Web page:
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By Rose Ragsdale
For Mining News 

Pace of claim staking slips in Far North

Land acquisition fever cools among explorers in 2012 as mining industry retrenches, consolidates to weather tough business climate

 

Last updated 2/24/2013 at Noon



Claim-staking and other mineral tenure activity in Canada's Far North appears to be following the downward trend seen in recent exploration spending.

Officials report that the number of mineral claims and leases and prospecting permits issued in 2012, generally, have plummeted from comparable activity a year earlier, reflecting not only the dearth of financing available for new mining ventures but also new worries about future access to mineral prospects across Yukon Territory, Northwest Territories and Nunavut.

Several challenges, including a late spring, a major storm in June that washed out roads along with the prolonged risk-capital drought that is dampened industry enthusiasm for mineral exploration, slowed activity in the Yukon in 2012, according to the Government of Yukon.

The staking of new quartz mining claims slowed dramatically in 2012, totaling 11,733 claims, as explorers consolidated exploration properties staked in 2011. By comparison, Yukon explorers staked a record-setting 114,697 mineral claims in 2011, thereby shattering the previous record of 83,261 claims staked in 2010.

The Yukon, however, recorded 257,937 mineral claims in good standing as of August 2012, compared with about 248,000 mineral claims in good standing a year earlier. Prospecting leases held in good standing also increased to 225 in 2012, compared with 189 in 2011.

"Companies are evaluating and consolidating their exploration properties that were staked during 2011 and earlier years," reported Government of Yukon officials in a fall 2012 newsletter. The primary commodity of interest among exploration companies in the Yukon remains gold.

The outlook for 2013, so far, appears to be gloomy. Staking activity fell to zero claims in January, compares with 1,689 quartz claims staked in the Yukon during the same month a year ago.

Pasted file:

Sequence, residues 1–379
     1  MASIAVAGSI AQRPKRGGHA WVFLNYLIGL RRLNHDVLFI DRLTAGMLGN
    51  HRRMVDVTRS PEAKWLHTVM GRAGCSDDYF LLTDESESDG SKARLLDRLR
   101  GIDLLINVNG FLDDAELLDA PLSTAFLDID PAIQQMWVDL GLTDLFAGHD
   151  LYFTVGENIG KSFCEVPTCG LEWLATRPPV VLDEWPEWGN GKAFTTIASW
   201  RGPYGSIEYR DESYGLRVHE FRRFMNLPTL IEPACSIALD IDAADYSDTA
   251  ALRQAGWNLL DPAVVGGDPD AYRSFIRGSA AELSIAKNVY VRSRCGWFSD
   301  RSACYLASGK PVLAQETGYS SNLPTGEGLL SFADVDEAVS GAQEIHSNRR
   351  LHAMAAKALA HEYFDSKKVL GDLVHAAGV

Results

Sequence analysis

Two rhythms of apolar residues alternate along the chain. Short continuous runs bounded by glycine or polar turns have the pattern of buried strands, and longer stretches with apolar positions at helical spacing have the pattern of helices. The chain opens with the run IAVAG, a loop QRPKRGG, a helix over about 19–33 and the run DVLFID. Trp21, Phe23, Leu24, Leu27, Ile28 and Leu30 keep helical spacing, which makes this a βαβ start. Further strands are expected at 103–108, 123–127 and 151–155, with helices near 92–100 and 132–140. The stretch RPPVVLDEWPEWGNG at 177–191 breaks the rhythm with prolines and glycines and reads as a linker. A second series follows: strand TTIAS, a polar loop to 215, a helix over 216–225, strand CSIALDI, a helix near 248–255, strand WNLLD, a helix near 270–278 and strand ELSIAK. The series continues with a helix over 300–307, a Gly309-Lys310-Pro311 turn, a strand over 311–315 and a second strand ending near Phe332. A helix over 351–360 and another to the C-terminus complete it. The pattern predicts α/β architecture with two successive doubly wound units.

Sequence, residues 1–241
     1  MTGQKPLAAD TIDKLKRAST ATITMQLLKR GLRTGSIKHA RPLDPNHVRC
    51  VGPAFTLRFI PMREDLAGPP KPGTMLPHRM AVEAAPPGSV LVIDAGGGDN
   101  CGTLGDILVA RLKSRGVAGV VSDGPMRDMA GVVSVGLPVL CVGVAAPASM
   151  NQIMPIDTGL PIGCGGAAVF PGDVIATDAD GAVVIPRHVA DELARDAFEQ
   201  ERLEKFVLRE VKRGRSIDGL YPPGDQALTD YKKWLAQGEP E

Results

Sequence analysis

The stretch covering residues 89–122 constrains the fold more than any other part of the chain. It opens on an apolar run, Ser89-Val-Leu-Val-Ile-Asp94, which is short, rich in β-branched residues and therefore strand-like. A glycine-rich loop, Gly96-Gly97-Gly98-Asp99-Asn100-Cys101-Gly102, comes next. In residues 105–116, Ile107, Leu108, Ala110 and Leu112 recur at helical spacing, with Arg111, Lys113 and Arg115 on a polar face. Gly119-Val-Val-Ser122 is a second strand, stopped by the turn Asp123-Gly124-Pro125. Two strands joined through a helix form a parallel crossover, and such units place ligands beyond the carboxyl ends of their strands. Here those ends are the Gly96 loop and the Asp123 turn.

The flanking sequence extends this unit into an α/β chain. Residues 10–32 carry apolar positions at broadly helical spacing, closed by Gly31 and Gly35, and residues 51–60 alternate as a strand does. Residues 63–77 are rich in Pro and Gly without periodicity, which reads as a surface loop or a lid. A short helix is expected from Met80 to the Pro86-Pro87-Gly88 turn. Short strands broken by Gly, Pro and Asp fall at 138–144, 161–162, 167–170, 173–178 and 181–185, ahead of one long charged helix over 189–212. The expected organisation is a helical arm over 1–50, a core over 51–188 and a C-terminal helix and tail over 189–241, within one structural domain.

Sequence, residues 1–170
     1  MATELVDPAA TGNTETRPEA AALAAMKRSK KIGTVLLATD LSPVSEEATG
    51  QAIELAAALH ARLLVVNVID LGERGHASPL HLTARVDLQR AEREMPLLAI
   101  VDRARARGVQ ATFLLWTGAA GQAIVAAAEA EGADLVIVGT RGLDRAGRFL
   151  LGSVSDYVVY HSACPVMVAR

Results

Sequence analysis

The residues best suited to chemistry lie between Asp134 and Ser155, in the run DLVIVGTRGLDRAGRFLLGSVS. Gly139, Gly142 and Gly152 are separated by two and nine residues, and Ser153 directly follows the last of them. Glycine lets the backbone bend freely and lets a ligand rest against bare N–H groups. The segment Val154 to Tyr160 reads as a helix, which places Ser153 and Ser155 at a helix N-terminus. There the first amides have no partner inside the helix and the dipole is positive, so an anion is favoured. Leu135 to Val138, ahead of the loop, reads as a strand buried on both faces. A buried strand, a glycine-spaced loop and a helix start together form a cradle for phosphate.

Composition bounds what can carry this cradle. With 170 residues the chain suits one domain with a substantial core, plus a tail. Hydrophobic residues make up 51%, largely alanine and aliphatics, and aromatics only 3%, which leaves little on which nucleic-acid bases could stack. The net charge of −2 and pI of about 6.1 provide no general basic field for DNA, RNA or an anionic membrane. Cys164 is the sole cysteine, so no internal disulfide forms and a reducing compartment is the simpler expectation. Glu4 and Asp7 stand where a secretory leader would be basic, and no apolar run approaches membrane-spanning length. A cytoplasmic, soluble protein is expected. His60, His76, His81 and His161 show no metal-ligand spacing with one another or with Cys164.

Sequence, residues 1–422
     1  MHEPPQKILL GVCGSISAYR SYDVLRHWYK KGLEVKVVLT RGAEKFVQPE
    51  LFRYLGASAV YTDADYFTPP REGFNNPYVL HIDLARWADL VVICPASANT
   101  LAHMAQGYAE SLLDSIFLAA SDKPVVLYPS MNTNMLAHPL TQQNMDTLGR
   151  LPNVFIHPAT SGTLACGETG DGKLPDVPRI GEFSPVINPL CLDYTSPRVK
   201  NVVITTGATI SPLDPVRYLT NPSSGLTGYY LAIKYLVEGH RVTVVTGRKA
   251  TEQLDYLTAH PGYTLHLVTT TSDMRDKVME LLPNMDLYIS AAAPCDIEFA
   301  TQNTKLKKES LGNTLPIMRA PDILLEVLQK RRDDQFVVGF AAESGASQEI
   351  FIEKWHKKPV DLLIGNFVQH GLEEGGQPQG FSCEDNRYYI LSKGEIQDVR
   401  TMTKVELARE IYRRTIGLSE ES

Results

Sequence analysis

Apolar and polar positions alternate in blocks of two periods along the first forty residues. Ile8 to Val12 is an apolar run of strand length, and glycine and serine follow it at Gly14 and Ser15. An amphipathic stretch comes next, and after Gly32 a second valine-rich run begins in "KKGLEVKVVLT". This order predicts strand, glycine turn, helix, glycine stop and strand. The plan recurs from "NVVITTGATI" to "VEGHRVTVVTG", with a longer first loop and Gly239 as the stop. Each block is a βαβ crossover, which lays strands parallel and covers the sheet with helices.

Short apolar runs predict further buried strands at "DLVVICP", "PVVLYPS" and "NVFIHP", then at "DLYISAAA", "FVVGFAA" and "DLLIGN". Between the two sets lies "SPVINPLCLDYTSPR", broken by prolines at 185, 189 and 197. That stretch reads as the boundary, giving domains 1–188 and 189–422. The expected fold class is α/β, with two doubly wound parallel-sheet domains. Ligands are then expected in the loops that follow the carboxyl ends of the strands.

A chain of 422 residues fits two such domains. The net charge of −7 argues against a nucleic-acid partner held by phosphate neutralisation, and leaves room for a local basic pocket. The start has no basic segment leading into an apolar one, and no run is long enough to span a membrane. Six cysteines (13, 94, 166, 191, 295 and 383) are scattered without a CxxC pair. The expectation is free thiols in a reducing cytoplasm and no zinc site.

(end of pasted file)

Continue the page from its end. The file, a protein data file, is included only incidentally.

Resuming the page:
"Staking is usually more or less zero in January," said Yukon spokesman Jesse Devost. "The last few years were the exception."

DeVost also observed that the slower pace of claim staking in 2012 was about average when compared with any year prior to 2009.

"Lack of capital is a factor," he continued. "The difficulty in raising financing has hit every jurisdiction. Companies aren't looking for new areas right now but consolidating in known areas.

"Most importantly, companies who are active in Yukon are putting efforts into exploring their properties and not staking new ground. The industry has moved on from the initial phase of land acquisition to exploration," he explained.

Some speculate that the slow start this year may stem, at least partly, from industry reaction to a Yukon Court of Appeal issued a decision in December that has called into question the legality of the territory's mineral claim-staking system.

In a unanimous ruling Dec. 27, a three-judge panel of the appellate court found that the Government of Yukon's "open entry" registration system for quartz mineral claims falls short of its obligation to consult with First Nations. Observers say the ruling could jeopardize the standing of mineral claims in as much as one-quarter of the territory.

Yukon officials, however, "don't believe this has been a factor on whether companies decided to stake or not in January," DeVost said

"The recent Yukon Court of Appeal decision, as it sits now, has asked for changes to be made within a year. Nothing has currently changed with regard to staking," he explained.

Downward trend

In Northwest Territories, where mineral exploration spending was expected to take a modest upswing in 2012, the latest data from the NWT Mining Recorder's Office shows industry acquisition of claims and leases decreased substantially and prospecting permits lapsed more quickly than they were being acquired.